Introducing OmniFocus 2 for iPad!

by Ken Case on September 17, 2014

How times change! When we introduced OmniFocus for iPad in the Summer of 2010, it was widely considered to have the best, most modern design of the three OmniFocus editions. So much so that when we set about building OmniFocus 2 for Mac, our top priority was to bring the design lessons we’d learned from the iPad app back to the Mac app.

But then Apple inspired us with iOS 7, and our priorities changed. We completely redesigned OmniFocus 2 for iPhone, then OmniFocus 2 for Mac. We started getting rave reviews for these new designs—and now, instead of constantly getting questions about how soon we would make the other editions match OmniFocus for iPad, those questions flipped to ask when we were going to update the iPad app to match the new designs in the other apps.

I’m very pleased to announce that the long wait is over—that (for the first time!) all three editions of OmniFocus have the same design language:

Screenshot of the Forecast perspective

Screenshot of the editor

Beyond its new design, OmniFocus 2 for iPad offers two great new iOS 8 extensions, interactive notifications so you can immediately complete or snooze a reminder, improved searching, and background syncing. And, of course, all of the great features pioneered in the original iPad app, such as the built-in Forecast and Review perspectives.

It’s a great upgrade—but we didn’t stop there! On the Mac, one of the features we offer in the Pro version of OmniFocus 2 is the ability to go beyond the built-in perspectives by creating your own custom perspectives. Customers have often asked if we would ever provide similar capabilities for iOS, and I’m pleased to share that we’ve finally done just that, in the optional Pro upgrade to OmniFocus 2 for iPad:

Screenshot of the Perspective editor

With Pro, you can create your own combinations of view settings, searches, and filters to see your work in exactly the right way. You can also arrange the top-level sidebar however you like, for quick access to your favorite perspectives.

Whether or not Pro is for you, we know you’ll enjoy all of the other new features OmniFocus 2 has to offer! OmniFocus 2 is now available for just $29.99, and its Pro upgrade is now available as an optional in-app purchase for $19.99.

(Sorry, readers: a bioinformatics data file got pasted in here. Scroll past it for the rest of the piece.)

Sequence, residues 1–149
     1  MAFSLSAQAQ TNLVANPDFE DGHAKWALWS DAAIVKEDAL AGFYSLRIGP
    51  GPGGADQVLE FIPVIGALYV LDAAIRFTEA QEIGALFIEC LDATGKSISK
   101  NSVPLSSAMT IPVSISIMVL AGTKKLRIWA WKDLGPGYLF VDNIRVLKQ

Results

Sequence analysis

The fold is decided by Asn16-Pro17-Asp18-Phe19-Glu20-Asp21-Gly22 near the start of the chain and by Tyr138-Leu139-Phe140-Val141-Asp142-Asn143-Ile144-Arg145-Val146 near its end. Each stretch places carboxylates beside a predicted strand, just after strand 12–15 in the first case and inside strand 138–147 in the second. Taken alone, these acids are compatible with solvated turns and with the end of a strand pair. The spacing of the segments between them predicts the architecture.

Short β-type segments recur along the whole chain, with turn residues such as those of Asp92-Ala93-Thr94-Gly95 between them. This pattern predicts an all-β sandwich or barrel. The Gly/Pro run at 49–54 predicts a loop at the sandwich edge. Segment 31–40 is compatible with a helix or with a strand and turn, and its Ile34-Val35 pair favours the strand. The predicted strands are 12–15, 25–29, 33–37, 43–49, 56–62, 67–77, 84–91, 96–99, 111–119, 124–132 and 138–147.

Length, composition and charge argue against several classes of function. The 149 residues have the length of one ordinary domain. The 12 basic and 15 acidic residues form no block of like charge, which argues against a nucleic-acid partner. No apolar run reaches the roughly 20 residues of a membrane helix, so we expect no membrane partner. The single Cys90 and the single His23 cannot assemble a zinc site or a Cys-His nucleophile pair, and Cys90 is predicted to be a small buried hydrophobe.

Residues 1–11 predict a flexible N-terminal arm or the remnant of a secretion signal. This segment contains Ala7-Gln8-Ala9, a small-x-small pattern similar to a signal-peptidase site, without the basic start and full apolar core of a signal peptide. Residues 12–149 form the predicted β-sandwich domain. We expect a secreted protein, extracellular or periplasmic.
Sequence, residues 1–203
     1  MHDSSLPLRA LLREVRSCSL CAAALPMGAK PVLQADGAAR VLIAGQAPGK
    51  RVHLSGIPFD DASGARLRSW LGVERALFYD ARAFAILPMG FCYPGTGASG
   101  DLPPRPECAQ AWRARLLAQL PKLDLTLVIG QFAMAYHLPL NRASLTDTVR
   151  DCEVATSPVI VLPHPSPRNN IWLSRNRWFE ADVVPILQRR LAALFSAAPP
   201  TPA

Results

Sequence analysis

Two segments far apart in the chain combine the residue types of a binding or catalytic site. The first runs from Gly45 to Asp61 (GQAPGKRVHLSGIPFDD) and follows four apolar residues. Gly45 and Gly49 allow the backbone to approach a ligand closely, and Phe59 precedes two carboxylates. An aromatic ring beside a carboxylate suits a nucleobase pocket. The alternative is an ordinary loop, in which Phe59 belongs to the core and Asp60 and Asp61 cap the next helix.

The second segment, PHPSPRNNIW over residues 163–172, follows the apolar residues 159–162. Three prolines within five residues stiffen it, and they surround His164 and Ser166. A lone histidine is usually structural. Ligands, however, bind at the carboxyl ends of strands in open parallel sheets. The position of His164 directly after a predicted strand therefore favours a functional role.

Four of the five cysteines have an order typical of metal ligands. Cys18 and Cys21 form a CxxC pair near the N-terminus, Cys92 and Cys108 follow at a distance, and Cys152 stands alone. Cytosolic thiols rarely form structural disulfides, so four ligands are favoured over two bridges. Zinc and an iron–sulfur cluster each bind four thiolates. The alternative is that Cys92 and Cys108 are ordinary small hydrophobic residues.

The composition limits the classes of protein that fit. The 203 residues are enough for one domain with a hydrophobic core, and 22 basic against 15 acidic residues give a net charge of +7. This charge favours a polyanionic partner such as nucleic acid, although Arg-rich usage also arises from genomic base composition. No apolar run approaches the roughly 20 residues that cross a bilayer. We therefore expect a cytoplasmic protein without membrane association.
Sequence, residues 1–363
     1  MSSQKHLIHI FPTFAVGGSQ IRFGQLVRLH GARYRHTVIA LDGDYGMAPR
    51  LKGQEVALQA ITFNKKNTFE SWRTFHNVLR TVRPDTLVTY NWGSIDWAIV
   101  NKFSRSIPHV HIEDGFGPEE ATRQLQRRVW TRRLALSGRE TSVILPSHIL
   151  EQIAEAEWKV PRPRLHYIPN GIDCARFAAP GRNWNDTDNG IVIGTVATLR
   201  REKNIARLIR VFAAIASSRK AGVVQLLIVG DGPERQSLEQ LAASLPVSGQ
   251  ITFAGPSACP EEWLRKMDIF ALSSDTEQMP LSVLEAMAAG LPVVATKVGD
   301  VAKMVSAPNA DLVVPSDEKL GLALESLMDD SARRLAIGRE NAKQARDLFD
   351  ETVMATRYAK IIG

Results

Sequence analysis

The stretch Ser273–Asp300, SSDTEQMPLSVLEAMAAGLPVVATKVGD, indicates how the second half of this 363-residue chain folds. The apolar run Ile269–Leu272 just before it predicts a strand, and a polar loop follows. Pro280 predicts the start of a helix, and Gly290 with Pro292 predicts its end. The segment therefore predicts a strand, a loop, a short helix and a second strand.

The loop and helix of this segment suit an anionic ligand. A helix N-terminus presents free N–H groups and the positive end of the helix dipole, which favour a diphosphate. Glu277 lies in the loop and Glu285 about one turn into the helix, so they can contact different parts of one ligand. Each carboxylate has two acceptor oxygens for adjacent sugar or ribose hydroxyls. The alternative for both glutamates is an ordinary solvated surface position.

For those of you who purchased the first version of OmniFocus for iPad, we have a very special deal: we appreciate the support you’ve given us through the years, and we’re showing our appreciation in a very concrete way by giving you the $19.99 Pro upgrade for free when you purchase version 2. Thank you for your support through the years!

New OmniFocus extensions for iOS 8

by Ken Case on September 17, 2014

It’s hard to believe that it’s only been three months since Apple’s Worldwide Developers Conference. We had just finished shipping OmniFocus 2.0 for Mac—a huge release for us—and suddenly we were on the receiving end of a firehose of information from Apple about iOS 8 and Yosemite and Swift. All three were incredibly exciting, but the one which would immediately change our app development was iOS 8.

With iOS 8, Apple gave us new ways to interact with the operating system and with other apps. For the first time ever, we could provide extensions which could run inside other apps. We could add Today extensions to Notification Center. We could build new Sharing options to easily capture content shared by other apps. We could share documents between apps without making extra copies that get out of date. And even in places where our code wasn’t running, we now had more flexibility—like the ability to provide interactive notifications with multiple choices. All that and much more. Far more than we had time to adopt in one summer—particularly since we also had two major app upgrades to ship for iPad: OmniFocus 2 and OmniGraffle 2.

Fast forward a few (very busy!) months, and iOS 8 is finally right around the corner—and the iPad and iPhone editions of OmniFocus 2 are both ready with two great new extensions. The new OmniFocus Sharing extension will let you capture content from Safari and other apps, and with the new OmniFocus Today extension it’s easier than ever to get a grip on your day’s commitments:

Screenshot of the Today extension on iPhone

These new extensions are just a taste of what’s now possible with iOS 8. I’m looking forward to doing even more with extensions in our apps—and I’m also looking forward to seeing what other developers have been cooking up over the summer!

Just a short bit about a few apps and iOS 8

by Derek R. on September 12, 2014